A taut, claustrophobic, lo-fi chiller, Curve dials things right down to a combination of woman versus man, and woman versus the elements, and just about succeeds.

Revisiting the classic genre stopping-off point of the hitchhiker with a secret to hide, Iain Softley’s shocker grips from the get-go (faltering at the last) and showcases a standout performance from Julianne Hough as the woman-in-peril.

Hough’s Mallory is making her way from San Francisco to Denver, taking the slow drive cross-country still mulling over whether committing to marriage is the right thing to do.

Stalling over turning up for the big day, she stalls for real when her car breaks down in the middle of nowhere.

Suddenly, with all seemingly lost, up pops Christian (Teddy Dears), a muscular charmer who just happens to be hiking in said canyon.

Having swiftly fixed the car, Mallory feels obliged to give Christian a lift – only for the hitchhiker to fairly quickly reveal himself as someone you don’t really want to be sharing a ride with.

Mallory decides to take drastic action, deliberately crashing her car while turning a curve (see what they did there), but rather than freeing herself from the nightmare, she finds herself trapped in the car, with no means of escape – and Christian seems to be out there somewhere….

As far as plot goes that is pretty much about it, with the bulk of the film focusing on Hough and her efforts to free herself from the wreckage – without success.

In fact the majority of the film is a succession of scenes with Mallory vainly fighting to stay alive, whether it be shivering through freezing nights, eating the odd rat or even downing a bottle of her own piss.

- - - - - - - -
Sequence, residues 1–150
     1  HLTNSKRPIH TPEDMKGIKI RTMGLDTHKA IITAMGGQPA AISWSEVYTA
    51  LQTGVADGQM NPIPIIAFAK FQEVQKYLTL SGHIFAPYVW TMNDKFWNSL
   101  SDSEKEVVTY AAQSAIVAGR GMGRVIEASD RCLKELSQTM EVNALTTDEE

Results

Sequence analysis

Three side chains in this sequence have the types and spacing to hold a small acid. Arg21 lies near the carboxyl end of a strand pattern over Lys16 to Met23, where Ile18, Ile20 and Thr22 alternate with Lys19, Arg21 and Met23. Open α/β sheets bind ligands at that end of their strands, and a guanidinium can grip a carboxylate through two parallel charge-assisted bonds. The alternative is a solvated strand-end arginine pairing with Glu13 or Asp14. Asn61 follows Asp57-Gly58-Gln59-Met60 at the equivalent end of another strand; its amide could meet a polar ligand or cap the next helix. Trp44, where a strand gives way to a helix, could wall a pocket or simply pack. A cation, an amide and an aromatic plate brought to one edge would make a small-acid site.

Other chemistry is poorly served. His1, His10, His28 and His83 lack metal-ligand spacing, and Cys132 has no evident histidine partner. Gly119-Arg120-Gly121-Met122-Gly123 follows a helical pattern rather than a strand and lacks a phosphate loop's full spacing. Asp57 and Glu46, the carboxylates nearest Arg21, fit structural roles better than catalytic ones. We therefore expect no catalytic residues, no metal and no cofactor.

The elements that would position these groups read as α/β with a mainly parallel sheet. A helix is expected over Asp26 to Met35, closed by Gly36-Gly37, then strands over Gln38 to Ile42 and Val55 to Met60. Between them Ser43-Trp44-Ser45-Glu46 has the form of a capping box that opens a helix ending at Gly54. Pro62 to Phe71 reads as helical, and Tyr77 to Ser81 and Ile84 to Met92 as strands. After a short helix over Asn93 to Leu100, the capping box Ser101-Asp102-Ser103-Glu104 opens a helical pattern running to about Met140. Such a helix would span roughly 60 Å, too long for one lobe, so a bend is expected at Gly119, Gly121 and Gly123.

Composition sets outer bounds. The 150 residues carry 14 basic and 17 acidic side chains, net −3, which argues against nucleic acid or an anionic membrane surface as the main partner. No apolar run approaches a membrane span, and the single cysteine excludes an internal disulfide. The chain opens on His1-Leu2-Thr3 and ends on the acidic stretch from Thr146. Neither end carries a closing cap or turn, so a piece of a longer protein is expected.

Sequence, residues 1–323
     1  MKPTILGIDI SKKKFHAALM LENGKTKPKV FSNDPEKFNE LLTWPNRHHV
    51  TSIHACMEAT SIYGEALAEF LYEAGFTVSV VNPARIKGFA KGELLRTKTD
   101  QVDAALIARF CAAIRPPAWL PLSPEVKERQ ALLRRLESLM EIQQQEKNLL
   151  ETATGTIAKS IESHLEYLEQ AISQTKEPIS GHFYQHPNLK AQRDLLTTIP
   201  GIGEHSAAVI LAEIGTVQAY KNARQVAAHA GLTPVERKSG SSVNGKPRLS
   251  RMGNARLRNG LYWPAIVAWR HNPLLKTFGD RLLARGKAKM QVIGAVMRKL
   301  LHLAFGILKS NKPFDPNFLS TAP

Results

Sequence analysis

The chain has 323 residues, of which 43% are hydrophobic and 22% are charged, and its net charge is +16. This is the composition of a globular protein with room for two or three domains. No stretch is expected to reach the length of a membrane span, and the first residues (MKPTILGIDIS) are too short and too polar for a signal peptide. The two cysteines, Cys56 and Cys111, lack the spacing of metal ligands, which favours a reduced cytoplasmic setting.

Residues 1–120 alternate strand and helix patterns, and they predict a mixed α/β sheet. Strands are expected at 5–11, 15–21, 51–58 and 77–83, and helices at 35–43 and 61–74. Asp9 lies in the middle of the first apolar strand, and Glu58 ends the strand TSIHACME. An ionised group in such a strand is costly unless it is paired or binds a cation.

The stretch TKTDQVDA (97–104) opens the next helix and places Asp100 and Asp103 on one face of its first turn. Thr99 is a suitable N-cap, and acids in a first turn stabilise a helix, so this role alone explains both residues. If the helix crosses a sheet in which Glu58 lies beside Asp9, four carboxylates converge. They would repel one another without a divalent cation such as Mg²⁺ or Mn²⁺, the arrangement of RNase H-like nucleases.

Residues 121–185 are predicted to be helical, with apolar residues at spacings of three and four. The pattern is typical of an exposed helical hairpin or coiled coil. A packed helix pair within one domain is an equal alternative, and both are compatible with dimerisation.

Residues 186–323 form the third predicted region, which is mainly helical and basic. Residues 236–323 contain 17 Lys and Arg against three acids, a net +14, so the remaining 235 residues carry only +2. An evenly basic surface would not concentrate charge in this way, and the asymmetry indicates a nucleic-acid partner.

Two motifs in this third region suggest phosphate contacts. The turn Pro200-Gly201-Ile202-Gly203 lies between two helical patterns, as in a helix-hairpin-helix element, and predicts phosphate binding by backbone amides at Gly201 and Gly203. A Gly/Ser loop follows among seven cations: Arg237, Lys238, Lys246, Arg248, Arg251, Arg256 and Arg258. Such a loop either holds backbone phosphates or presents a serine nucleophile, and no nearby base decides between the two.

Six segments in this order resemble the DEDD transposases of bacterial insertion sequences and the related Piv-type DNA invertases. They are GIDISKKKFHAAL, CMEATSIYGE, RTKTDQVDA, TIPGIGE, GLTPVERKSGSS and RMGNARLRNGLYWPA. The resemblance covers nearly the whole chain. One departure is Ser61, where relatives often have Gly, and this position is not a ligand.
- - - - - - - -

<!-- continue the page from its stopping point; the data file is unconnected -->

To be fair, it’s all faintly repetitive stuff, and I could understand some genre fans finding Curve something of a tedious watch.

But Hough sells the predicament in such a good way that I was willing to go with it, and her performance feels very real, almost raw in places.

Sears doesn’t really have that much to do, and his character is pretty two-dimensional (a few throwaway lines at the close try to explain his actions) but he’s solid enough.

Where Softley does score is the setting and location work – there’s a real sense of despair and fear hanging over the whole set-up, with the cramped interiors of the car crossed with the vast expanses of the canyons proving an eye-catching mix.

Things do get out of hand a bit at the climax, where Softley decides to throw in some horror and up the body count, chucking the thoughtful, slow-build formula that had worked up to that point out of the window.

But there is enough here to keep Curve in thumbs-up territory – outside the screening I heard somebody describe it as ‘127 Hours with added psychopath’, and I can’t really put it better myself.

DVD Review: Curve
3.0Overall Score
Reader Rating: (0 Votes)

About The Author

Simon Fitzjohn

Simon is a journalism tutor in London, who also just happens to be a movie fanatic, with a craving for the darker side of cinema. He has written two books, one on the horror films of director Bob Clark (2014) and the other on the history of the character Norman Bates (2015). His third book, on the work of British exploitation director Pete Walker, is due in 2017.